Be Surprised, No More

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If you were surprised that Scott McLaughlin won the pole for the Firestone Grand Prix of St. Petersburg, you were probably surprised the he won the race. Let this be the last time. He’s here to stay.

Last season, a second-year driver won the opening race of the season and went on to win the championship. The 2022 season has started with another second-year driver winning the season-opener. Might we see Scott McLaughlin hoisting the Astor Challenge Trophy at the end of the season in September? Time will tell.

This was a really good race. It looked good in person, and I hear it looked good on TV as well. McLaughlin started on pole and led the first twenty-seven laps. But there was so much going on behind him. Will Power got shuffled back from his second starting spot, back to fourth by the second turn. There was a lot of jockeying for position behind him.

Some drivers were forced to an alternate pit strategy as they started back in the field, and were hoping for some yellows to fall the right way. they didn’t. There was only one caution in the entire race; on Lap 25, when David Malukas hit the wall coming out of Turn Three, then skated across the track for another hard hit on the other side of the car. Lap 25 was within the pit window, so many cars were forced to pit under the yellow.

Although McLaughlin led the most laps in the race (49), Scott Dixon led the second most (26). However, he was trying an alternate fuel strategy that saw him pit from the lead on Lap 66. Dixon finished eighth.

Last year’s champion, Alex Palou, did not make life easy for McLaughlin. For the last twenty laps, Palou closed in until he was right there with McLaughlin. The tired and overuse “Catching him is one thing, passing him is another” actually came into play here. Palou tried everything he could, including making an outside move on the final turn before heading down the straightaway, just behind McLaughlin as he took the checkered flag.

McLaughlin’s first career IndyCar victory provided one of the more humorous scenes I’ve seen in Victory Lane. I took a video of his car pulling into Victory Lane and kept it running as he climbed out of the car. As he jumped, he said his legs turned to jelly as he hit the ground and collapsed. After the post race press conference, I overheard McLaughlin telling someone that climbing out of the car was the hardest part of the race.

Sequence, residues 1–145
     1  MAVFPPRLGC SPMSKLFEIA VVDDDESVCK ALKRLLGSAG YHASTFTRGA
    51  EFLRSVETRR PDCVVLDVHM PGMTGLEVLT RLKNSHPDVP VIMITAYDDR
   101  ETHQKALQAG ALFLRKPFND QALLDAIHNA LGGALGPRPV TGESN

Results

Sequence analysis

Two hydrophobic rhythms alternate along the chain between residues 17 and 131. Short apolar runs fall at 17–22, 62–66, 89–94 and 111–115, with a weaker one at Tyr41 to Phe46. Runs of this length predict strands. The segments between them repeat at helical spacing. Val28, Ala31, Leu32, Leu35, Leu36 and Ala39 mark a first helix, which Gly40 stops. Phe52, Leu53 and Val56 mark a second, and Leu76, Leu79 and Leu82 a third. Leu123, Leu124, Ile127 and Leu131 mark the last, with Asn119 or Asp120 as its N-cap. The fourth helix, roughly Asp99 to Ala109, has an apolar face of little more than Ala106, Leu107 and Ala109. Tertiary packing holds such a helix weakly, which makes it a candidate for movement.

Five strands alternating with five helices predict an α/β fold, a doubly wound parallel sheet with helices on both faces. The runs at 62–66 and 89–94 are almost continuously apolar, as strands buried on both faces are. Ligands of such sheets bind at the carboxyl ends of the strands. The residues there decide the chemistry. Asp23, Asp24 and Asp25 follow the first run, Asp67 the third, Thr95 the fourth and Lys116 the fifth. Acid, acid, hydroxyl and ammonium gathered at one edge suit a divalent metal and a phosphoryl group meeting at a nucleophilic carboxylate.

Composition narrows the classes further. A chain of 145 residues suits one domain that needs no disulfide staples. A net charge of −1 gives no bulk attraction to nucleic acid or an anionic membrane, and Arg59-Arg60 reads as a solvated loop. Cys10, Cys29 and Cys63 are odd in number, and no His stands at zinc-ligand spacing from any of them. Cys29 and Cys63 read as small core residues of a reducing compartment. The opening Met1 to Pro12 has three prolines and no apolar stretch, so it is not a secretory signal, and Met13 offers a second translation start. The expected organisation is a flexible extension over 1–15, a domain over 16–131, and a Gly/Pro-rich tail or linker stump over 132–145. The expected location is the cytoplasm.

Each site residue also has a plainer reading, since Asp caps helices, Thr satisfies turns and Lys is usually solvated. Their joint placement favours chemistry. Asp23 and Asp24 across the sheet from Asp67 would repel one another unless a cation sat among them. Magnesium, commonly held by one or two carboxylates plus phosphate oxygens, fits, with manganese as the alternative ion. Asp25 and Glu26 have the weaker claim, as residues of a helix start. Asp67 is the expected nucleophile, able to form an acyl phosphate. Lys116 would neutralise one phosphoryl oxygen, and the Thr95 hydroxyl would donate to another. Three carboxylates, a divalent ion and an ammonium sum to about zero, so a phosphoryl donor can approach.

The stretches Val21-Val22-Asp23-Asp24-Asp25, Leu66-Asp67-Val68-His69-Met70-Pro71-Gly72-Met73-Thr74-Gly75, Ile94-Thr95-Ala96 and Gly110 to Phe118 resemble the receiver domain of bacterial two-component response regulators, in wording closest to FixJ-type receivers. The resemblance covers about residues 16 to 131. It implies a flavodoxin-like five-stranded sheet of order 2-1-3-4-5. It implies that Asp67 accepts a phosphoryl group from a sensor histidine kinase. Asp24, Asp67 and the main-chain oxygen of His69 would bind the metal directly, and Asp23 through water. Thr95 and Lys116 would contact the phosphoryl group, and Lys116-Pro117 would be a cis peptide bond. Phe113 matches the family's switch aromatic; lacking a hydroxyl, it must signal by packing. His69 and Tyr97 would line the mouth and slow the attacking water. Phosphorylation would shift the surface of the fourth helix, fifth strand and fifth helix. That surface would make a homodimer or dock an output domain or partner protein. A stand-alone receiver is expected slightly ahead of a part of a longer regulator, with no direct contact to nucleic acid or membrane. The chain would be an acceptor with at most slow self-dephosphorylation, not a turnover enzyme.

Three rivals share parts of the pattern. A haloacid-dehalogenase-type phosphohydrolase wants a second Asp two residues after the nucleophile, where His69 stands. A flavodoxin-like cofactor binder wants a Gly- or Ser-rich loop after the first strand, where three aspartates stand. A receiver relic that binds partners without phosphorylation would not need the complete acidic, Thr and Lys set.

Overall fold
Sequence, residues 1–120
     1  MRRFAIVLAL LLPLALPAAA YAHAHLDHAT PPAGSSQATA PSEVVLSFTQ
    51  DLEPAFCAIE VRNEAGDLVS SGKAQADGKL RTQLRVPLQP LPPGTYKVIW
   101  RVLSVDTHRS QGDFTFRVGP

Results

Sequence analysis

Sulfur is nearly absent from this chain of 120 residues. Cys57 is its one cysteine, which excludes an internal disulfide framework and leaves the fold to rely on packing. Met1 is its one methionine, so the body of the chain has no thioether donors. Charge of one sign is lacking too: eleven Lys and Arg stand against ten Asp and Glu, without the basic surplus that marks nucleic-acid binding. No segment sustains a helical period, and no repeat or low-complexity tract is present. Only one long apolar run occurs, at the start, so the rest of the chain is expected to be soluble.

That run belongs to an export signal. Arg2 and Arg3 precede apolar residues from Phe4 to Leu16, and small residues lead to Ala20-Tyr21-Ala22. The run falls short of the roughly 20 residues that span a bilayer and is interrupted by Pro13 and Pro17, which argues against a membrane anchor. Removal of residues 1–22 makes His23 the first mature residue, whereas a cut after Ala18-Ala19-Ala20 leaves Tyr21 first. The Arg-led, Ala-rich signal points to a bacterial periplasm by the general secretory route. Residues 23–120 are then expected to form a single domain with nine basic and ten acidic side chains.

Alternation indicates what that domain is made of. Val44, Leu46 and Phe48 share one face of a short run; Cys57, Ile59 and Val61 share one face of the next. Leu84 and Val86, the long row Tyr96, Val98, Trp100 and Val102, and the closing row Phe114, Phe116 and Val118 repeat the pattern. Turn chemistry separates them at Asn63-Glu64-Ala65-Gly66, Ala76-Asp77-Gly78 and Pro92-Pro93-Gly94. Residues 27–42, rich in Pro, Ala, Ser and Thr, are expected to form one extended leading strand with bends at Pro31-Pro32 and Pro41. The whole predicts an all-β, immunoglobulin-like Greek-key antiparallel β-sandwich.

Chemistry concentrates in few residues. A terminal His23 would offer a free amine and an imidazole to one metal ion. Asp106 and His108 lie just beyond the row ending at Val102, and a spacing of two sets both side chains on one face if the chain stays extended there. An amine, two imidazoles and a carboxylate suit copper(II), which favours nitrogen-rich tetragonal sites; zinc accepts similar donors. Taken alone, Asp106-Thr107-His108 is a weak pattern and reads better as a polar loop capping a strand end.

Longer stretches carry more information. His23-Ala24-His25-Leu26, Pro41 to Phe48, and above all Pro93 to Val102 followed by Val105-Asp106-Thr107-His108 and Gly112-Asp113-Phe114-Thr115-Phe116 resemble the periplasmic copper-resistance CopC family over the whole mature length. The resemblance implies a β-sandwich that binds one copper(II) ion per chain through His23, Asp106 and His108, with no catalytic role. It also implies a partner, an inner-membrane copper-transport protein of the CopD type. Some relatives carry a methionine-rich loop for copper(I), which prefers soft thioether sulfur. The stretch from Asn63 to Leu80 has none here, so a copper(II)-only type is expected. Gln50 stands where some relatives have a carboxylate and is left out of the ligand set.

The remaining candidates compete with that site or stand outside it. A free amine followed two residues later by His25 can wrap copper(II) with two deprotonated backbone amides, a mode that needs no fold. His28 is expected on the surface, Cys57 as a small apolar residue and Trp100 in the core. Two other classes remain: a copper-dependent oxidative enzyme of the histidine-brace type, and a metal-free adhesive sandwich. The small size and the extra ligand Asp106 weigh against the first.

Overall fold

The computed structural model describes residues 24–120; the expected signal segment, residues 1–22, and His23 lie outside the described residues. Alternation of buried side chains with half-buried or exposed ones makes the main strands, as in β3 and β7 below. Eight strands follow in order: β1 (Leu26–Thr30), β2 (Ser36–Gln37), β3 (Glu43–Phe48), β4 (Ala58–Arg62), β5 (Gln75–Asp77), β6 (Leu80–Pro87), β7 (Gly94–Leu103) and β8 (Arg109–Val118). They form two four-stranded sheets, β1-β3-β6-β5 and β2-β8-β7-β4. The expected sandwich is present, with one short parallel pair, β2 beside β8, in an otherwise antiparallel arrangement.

The post-race press conference was like a visit to a comedy club. Will Power was in rare form, as he made wise cracks about IndyCar not properly using the blue flag. He also said that “Jimmie Johnson was third, or at least he was racing like he was racing for third”. Power’s brother is a professional comedian, but Will’s sarcastic wit would be hard to match. (All photos by Susan)

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Congratulations to the organizers of this event. The local stations here says they were planning on a record crowd. We were here in 2019, and I know today’s crowd was much bigger. The fans seemed to have a good time and it was very well-organized. The weather certainly cooperated. I don’t think we saw a single cloud all weekend, and the temperature was in the mid-80s each day. If you want to attend a race and get out of the misery of winter, like what we left behind in Nashville – try and come to this race. We had an absolute blast!

Congratulations also to Team Penske and Scott McLaughlin, for what will probably be the first of many, many IndyCar victories.

Winner

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This will do it for us this weekend. I will have my usual Random Thoughts on Monday. Thanks for following along all weekend as we kicked off another IndyCar season on Oilpressure.com. Our next race to attend in person will be the Honda Indy Grand Prix of Alabama, at the end of April. But I’ll continue to post here each Monday, Wednesday and Friday.

George & Susan Phillips

4 Responses to “Be Surprised, No More”

  1. Bruce Waine Says:

    Scott Dixon ……………………..

    Have we begun to see the passing of the torch by Scott at Ganassi Racing?

  2. Another funny moment on TV was when McLaughlin was being interviewed as he was sitting on the sidepod of his car. He took a swig of water then said “My butt’s getting burned” and quickly stood up. The TV crew did a good job in my opinion. I think they captured most of the moments that we needed to follow what was happening. I am happy you and Susan were able to go and had a good time.

    • I agree that the race and broadcast of the race was great. The addition of James Hinchcliffe in the booth offers a true perspective from the driver’s viewpoint and team insights that has been missing since Jon Beekhuis held a microphone for IndyCar / CART races. James in the booth plus Jon in the pits would be even better. Get Jon back NBC.

  3. Talón de Brea Says:

    I’m so glad the event has survived and thrived following the sudden shutdown two years ago, a switch to the end of the season, and the earlier calendar date this year.

    When I wrote to you three years ago, George, that St. Pete had a small-scale “spring training” feel to it, I was in no way belittling it (I meant it in a good way — it’s one of my two “home” Indycar tracks, and I’ve liked my races there a lot) — just pointing out how Long Beach is just “more” in terms of attendees, track length, history, concessions, etc., for better or for worse.

    Now it seems that St. Pete keeps growing up — on TV it certainly looked like a big-time event in a scenic location. Kudos to St. Petersburg and the race organizers for making this work … if we can’t have a warm-weather foreign fly-away season opener, this is a solution that to me is at least as good, possibly better (plus relatively convenient travel distance for George and Susan!).

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